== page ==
In many cases, this assumption is correct. Mistakes can be made, windows can be missed during a cleaning service, and sometimes a window cleaner going back to fix this oversight or mistake is the quick and easy answer. The problem is, in many other cases, there is more to it than that.
This is where it gets challenging, and why the process must exist.
What is actually the problem? This is the primary reason we ask to see the issue from inside the suite. It allows us to speak with the resident, and to see the issue from their point of view.
Problems Encountered – New Windows
-scratches in the glass hidden under the dirt, revealed when windows are cleaned. Often from construction process.
-construction materials hidden under the dirt, revealed when cleaned: silicone, paint spatter, concrete spatter, glue from protective blue plastic, etc.
-bits of blue plastic still stuck to corners of windows not having been removed properly during the construction clean
Problems Encountered – Old Windows
-glass ‘running’ (with certain types of very old glass, vision will be distorted as it will eventually begin to flow downward. Granted, that could take 30-40 years, but it isn’t something that can be corrected with cleaning)
-broken window seals between panes of glass leading to: condensation between glass panes, mold between glass panes, dirt, etc.
-mineral deposit staining (minerals from concrete and other building structure leached out by rainwater, deposited upon glass, leaving a milky film that grows steadily more visible – unable to be removed without chemicals and razors).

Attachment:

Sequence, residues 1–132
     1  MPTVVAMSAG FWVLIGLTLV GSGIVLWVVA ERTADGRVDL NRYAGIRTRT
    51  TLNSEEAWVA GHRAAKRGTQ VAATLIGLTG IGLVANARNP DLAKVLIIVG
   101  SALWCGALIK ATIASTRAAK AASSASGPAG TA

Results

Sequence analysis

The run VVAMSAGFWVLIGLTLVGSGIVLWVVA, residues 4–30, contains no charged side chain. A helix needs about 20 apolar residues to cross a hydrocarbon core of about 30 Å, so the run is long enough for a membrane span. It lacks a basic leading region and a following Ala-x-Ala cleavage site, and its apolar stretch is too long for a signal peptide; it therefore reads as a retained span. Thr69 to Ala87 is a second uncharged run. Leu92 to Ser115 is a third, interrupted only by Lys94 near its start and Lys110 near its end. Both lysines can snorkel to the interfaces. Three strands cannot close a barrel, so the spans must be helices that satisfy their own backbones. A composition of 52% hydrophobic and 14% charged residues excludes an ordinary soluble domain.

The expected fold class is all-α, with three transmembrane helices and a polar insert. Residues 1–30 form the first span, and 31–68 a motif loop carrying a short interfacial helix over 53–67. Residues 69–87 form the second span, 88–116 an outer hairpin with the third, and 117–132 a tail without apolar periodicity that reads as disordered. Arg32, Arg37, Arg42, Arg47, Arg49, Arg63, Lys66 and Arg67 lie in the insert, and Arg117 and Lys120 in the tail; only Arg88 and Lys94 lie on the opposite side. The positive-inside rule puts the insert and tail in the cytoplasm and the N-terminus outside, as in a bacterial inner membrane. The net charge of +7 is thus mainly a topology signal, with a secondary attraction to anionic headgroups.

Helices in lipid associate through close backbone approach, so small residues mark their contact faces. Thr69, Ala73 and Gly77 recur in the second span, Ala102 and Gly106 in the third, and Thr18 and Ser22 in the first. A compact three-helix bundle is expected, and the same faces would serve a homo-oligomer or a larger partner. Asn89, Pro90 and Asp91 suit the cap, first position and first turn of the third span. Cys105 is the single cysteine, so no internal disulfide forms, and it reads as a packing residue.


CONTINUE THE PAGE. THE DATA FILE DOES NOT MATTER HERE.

-cracks, holes, bubbles: these have been found in old glazing, and cannot be removed with soap and water.
Misc. Common Issues – Not Valid
-dirt on the inside (look through the glass and the view still looks dirty after the service, often times the inside surface of the glass needs to be cleaned, often difficult to tell especially if the window is difficult to reach)
-not included in the agreed-upon scope of work (window is accessible to resident, and strata didn’t agree to pay to have those windows included in the scope)
-spider web nests in the corner of the windows. (spider web is still there, so my window must have been cleaned. Strange logic; especially when the glazing is clean. Spiders can rebuild their webs within 24 hrs.)
-a bird defecated on the window again (is there a nest on the building above this unit? Is there a bird defecating on it every other day? The contactor is only obligated to clean it once, they can’t come back once a week to address a recurring soiling issue as part of the scope)
Misc. Common Issues – Valid
-‘blips’ or squeegee marks: these can be hard to see when doing the job
-dirty water running down over the glass after service is complete
-window missed, still dirty on the outside.